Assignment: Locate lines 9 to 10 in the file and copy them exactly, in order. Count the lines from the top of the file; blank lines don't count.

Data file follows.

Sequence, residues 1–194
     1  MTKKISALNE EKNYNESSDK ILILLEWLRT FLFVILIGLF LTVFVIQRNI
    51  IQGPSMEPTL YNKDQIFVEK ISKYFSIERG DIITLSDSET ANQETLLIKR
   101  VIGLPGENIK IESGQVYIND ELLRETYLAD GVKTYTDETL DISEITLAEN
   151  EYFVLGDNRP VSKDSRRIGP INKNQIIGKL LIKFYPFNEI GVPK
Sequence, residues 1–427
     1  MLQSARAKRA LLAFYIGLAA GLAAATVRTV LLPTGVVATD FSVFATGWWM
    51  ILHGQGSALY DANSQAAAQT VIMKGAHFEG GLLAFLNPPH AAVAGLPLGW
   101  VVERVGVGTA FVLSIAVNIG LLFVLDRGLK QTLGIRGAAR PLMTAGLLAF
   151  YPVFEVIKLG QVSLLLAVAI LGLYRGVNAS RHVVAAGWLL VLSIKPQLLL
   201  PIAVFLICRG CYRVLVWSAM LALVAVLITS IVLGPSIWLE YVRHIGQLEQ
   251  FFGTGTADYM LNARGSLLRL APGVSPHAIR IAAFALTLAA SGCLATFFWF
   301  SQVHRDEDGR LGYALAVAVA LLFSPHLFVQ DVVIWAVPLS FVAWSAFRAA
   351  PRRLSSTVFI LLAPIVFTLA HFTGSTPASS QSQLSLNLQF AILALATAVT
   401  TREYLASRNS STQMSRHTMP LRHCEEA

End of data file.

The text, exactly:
   101  VVERVGVGTA FVLSIAVNIG LLFVLDRGLK QTLGIRGAAR PLMTAGLLAF
   151  YPVFEVIKLG QVSLLLAVAI LGLYRGVNAS RHVVAAGWLL VLSIKPQLLL